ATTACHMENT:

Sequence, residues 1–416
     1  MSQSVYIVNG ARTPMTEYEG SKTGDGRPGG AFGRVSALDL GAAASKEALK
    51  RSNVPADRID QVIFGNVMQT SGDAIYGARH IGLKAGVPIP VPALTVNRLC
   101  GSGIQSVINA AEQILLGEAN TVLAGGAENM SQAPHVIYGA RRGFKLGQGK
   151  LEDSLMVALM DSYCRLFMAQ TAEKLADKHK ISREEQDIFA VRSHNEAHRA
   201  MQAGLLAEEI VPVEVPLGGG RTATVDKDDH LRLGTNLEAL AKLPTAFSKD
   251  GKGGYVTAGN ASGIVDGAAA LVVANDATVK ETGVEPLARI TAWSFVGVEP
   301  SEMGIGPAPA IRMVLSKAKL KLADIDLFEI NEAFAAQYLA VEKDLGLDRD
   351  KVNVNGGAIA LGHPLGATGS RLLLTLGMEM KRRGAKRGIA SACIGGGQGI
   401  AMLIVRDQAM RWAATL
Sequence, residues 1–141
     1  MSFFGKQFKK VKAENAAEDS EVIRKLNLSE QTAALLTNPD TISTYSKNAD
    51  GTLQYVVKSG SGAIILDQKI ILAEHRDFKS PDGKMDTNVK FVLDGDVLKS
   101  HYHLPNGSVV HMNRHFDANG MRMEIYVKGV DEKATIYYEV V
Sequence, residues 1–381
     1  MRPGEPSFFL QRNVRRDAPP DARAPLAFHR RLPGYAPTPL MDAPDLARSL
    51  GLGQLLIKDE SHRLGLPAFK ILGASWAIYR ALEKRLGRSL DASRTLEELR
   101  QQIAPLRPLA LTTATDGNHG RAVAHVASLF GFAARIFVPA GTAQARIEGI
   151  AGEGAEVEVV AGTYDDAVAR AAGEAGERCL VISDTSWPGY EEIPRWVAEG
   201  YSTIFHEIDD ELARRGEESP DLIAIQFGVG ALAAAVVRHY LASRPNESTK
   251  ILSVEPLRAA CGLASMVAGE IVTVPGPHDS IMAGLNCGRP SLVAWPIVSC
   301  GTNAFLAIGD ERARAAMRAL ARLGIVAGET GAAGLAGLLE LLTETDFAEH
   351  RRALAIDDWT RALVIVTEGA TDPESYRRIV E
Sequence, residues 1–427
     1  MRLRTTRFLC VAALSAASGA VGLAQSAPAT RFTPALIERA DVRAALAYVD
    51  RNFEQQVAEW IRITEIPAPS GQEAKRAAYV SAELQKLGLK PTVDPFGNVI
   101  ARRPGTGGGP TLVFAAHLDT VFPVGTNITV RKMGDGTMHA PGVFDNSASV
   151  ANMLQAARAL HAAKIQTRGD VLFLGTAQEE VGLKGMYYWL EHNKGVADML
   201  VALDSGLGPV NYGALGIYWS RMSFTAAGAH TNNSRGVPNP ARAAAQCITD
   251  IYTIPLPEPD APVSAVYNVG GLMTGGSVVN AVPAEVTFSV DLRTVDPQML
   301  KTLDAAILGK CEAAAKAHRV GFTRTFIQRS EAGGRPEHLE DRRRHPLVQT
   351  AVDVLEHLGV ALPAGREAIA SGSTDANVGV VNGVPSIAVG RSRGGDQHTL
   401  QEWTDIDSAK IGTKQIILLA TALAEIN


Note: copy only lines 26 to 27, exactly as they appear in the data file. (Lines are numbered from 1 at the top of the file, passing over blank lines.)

    51  RNFEQQVAEW IRITEIPAPS GQEAKRAAYV SAELQKLGLK PTVDPFGNVI
   101  ARRPGTGGGP TLVFAAHLDT VFPVGTNITV RKMGDGTMHA PGVFDNSASV